|کد مقاله||کد نشریه||سال انتشار||مقاله انگلیسی||ترجمه فارسی||نسخه تمام متن|
|93137||160114||2013||12 صفحه PDF||سفارش دهید||دانلود کنید|
Numerous studies underline the importance of immaterial benefits provided by ecosystems and especially by cultural landscapes, which are shaped by intimate human–nature interactions. However, due to methodological challenges, cultural ecosystem services are rarely fully considered in ecosystem services assessments. This study performs a spatially explicit participatory mapping of the complete range of cultural ecosystem services and several disservices perceived by people living in a cultural landscape in Eastern Germany. The results stem from a combination of mapping exercises and structured interviews with 93 persons that were analyzed with statistical and GIS-based techniques. The results show that respondents relate diverse cultural services and multiple local-level sites to their individual well-being. Most importantly, aesthetic values, social relations and educational values were reported. Underlining the holistic nature of cultural ecosystem services, the results reveal bundles of services as well as particular patterns in the perception of these bundles for respondent groups with different socio-demographic backgrounds. Cultural services are not scattered randomly across a landscape, but rather follow specific patterns in terms of the intensity, richness and diversity of their provision. Resulting hotspots and coldspots of ecosystem services provision are related to landscape features and land cover forms. We conclude that, despite remaining methodological challenges, cultural services mapping assessments should be pushed ahead as indispensable elements in the management and protection of cultural landscapes. Spatially explicit information on cultural ecosystem services that incorporates the differentiated perceptions of local populations provides a rich basis for the development of sustainable land management strategies. These could realign the agendas of biodiversity conservation and cultural heritage preservation, thereby fostering multifunctionality.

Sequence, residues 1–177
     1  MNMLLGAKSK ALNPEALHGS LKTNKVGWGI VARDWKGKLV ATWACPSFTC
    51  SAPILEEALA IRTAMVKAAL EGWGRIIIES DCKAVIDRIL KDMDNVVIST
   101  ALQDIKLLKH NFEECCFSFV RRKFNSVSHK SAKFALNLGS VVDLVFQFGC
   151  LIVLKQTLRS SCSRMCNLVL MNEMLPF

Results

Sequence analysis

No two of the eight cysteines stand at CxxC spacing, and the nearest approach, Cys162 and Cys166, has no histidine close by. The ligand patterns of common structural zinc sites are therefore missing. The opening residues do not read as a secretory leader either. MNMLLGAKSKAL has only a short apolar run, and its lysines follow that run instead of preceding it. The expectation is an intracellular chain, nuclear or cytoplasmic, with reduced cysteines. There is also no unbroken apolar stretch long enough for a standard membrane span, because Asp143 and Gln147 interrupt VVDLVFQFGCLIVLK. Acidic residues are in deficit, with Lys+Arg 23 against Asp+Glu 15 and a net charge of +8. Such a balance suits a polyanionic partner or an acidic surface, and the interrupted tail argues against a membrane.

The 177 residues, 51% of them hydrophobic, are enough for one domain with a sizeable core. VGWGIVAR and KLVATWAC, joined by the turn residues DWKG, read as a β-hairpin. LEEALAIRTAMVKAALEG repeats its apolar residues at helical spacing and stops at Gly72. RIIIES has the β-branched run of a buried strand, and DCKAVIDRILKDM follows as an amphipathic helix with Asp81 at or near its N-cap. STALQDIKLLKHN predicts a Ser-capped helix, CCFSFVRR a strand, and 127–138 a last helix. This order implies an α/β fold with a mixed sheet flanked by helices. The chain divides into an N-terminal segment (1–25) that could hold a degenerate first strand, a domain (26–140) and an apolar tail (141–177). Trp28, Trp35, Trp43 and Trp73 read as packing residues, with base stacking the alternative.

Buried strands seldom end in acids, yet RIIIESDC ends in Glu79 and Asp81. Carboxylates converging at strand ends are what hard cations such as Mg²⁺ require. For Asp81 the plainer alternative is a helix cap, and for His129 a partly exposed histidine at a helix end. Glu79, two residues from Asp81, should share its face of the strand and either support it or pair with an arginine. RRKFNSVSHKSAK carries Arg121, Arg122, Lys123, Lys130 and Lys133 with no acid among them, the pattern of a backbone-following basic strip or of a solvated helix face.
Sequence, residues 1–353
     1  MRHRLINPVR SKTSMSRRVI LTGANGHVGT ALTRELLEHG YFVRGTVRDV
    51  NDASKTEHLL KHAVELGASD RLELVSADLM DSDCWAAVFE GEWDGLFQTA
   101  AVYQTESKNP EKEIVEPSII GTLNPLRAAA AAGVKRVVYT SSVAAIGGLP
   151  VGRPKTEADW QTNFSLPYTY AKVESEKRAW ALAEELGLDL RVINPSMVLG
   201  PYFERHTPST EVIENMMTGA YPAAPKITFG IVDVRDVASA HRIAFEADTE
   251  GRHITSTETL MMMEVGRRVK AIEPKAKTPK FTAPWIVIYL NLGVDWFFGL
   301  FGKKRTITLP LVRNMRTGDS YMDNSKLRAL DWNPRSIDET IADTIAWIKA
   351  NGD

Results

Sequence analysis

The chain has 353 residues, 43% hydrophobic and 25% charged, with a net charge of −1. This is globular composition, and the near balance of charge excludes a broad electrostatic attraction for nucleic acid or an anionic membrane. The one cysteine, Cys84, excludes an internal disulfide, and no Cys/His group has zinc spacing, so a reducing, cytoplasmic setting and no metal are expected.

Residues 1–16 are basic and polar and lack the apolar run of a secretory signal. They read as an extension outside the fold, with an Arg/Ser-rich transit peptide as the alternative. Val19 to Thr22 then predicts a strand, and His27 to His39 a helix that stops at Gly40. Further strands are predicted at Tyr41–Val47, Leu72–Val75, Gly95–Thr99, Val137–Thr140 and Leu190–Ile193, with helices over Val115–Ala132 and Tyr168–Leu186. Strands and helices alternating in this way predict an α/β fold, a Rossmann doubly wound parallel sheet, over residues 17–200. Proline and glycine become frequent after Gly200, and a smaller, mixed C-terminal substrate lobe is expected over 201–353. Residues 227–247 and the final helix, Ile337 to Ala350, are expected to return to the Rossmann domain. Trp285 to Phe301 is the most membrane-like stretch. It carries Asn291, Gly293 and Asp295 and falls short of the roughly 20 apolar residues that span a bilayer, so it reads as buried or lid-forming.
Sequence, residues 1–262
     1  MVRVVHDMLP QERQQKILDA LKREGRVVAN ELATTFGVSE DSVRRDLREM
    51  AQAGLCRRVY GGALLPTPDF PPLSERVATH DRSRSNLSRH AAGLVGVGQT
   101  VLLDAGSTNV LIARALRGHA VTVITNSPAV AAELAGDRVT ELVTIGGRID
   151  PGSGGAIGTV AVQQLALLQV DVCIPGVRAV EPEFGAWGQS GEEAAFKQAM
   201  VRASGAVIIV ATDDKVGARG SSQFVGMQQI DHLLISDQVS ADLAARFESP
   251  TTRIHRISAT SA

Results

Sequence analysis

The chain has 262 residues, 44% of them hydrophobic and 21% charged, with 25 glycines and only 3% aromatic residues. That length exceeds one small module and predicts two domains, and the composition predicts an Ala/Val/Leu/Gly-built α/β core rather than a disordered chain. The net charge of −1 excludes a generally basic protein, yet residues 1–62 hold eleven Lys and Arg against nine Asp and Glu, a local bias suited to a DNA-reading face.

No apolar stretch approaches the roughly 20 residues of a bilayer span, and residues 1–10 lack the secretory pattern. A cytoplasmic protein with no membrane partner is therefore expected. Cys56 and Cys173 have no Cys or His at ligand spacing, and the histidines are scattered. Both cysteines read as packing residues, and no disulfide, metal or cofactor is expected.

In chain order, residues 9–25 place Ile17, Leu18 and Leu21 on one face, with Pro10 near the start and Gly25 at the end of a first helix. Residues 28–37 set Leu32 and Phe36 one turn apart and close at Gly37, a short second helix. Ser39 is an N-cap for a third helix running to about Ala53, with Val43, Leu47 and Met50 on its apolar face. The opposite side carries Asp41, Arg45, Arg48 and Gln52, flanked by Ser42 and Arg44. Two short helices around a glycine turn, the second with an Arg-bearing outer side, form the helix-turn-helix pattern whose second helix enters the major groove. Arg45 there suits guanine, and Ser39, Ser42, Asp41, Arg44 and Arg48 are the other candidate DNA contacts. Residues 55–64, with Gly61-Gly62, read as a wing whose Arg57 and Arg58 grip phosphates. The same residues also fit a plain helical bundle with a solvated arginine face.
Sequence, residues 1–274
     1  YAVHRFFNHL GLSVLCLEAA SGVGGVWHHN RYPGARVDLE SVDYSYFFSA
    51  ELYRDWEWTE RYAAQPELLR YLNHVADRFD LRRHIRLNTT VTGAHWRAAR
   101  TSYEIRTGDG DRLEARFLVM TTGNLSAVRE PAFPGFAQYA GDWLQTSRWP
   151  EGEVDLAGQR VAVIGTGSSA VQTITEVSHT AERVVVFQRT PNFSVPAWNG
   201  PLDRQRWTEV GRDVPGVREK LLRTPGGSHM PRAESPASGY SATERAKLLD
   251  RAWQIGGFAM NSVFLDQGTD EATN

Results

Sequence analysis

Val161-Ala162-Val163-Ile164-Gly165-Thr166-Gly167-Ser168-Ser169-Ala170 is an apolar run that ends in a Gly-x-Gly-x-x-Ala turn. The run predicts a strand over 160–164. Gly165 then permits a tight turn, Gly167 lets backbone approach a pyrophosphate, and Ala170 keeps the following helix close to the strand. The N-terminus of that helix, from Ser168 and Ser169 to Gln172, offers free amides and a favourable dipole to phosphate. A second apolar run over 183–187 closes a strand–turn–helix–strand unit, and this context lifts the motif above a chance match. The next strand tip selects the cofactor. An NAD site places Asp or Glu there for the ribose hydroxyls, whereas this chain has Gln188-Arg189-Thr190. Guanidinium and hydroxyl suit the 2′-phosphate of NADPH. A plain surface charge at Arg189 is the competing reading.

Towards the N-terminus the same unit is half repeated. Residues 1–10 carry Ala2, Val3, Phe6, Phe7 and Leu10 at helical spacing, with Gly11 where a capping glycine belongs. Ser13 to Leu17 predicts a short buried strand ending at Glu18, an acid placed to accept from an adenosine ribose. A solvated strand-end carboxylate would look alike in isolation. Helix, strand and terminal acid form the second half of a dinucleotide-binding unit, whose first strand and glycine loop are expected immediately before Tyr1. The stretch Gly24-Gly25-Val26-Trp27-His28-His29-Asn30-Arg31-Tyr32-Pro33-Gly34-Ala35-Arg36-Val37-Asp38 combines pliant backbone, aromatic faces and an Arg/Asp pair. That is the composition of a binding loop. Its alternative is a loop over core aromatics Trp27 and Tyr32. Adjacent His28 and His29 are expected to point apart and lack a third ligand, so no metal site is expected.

► We present a spatially explicit mapping of cultural ecosystem services.
► Respondents relate various types of cultural services to multiple local-level sites.
► Different types of cultural ecosystem services are correlated in specific bundles.
► Residents’ perceptions vary across several socio-demographic variables.
► There are specific patterns of connections between services and land cover types.
Journal: Land Use Policy - Volume 33, July 2013, Pages 118–129